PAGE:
Data breaches seem to have become an everyday occurrence. What this means is that our sensitive data, including account credentials, are more likely than ever to find their way into public view. Even if only a username or only a password was leaked, it can still be used with a dictionary list of common passwords, or data from another leak, to find the correct combination of username and password. From there, all an attacker needs to do is throw the password in as many accounts as possible, and they are likely to find something that lets them in. This is why password reuse is so dangerous. If your password is leaked or easily guessed, you may have multiple accounts compromised before you even know it happened.
As a bare minimum, it is time for anyone who isn’t already using a password manager to find one and start using it. I personally have over 450 different passwords, but only have to remember the one to my password manager, and the ones for each computer I log into. If one of my passwords gets leaked, it won’t help an attacker get into any of my other accounts. Complex passwords that are not short will also make it significantly harder for cybercriminals to crack them. With those in place, I also recommend enabling multi-factor authentication (MFA) wherever it is available. Many password managers are also incorporating MFA into their service, so you don’t need different apps for your passwords and your MFA tokens. It may be a change in mindset to implement these processes, but a slight shift in how we log in will significantly increase the level of difficulty for an attacker attempting to access our accounts.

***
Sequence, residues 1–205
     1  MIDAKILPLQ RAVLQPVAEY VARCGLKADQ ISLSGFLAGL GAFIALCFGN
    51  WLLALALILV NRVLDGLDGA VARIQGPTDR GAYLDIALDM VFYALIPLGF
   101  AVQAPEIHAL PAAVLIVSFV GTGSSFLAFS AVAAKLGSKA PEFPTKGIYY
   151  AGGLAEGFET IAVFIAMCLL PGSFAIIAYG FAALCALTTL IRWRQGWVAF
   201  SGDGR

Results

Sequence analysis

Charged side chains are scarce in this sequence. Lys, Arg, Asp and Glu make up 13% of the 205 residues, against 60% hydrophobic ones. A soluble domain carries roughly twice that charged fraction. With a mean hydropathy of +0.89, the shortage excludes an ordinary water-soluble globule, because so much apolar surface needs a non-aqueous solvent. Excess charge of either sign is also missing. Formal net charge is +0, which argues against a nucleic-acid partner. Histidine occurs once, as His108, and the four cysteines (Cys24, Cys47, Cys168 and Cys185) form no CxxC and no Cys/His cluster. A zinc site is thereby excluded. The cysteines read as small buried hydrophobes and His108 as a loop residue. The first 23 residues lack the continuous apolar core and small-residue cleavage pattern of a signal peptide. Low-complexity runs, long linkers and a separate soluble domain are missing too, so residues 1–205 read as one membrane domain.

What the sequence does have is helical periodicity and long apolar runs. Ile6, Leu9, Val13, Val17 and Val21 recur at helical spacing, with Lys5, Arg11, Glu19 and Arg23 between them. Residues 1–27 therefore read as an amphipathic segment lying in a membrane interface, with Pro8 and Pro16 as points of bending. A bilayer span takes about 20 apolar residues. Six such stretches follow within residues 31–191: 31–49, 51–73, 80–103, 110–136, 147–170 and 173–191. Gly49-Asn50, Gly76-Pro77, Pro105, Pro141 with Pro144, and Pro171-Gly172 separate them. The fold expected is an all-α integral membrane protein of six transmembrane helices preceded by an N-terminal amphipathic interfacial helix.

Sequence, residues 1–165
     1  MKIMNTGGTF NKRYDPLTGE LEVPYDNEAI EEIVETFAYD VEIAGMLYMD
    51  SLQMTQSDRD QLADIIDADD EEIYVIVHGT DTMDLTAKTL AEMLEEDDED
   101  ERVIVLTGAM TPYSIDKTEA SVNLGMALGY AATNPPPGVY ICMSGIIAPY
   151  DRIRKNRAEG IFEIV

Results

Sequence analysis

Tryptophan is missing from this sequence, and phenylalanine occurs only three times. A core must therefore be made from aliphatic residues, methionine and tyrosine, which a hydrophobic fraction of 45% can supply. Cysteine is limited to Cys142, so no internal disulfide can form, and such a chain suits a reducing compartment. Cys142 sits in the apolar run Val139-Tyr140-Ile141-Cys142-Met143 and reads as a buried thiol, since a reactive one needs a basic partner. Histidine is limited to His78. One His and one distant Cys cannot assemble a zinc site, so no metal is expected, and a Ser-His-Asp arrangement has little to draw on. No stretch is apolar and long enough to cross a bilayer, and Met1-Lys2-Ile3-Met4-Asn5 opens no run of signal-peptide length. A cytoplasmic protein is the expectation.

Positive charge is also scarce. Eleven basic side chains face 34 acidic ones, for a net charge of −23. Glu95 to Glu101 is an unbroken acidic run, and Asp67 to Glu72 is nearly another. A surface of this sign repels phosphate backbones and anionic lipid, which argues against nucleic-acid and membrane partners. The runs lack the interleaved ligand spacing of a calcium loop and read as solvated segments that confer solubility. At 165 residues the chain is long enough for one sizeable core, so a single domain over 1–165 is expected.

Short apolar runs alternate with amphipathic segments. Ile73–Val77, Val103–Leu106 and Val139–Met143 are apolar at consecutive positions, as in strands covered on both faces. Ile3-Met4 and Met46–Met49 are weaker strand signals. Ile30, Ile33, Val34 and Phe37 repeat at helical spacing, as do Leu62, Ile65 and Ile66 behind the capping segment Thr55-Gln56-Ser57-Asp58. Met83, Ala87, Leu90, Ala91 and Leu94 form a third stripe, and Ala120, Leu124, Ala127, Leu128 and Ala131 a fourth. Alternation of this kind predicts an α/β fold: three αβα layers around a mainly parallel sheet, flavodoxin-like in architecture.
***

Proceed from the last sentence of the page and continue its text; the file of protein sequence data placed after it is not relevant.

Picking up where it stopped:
Additionally, I recommend performing regular password maintenance. When using a complex password that is not reused, this does not necessarily mean going through and changing all of your passwords, but rather reviewing the accounts you have passwords for, and removing any accounts you no longer need. Keeping your passwords to a minimum can also decrease the chances of your usernames and email addresses being stolen. Using a U2F key, which is a physical device that connects to the computer, and biometrics can also add a level of complexity to your credentials. However, it is important to keep in mind that physical keys can be lost or stolen, and biometrics are really more of a username than a password, as you cannot change them.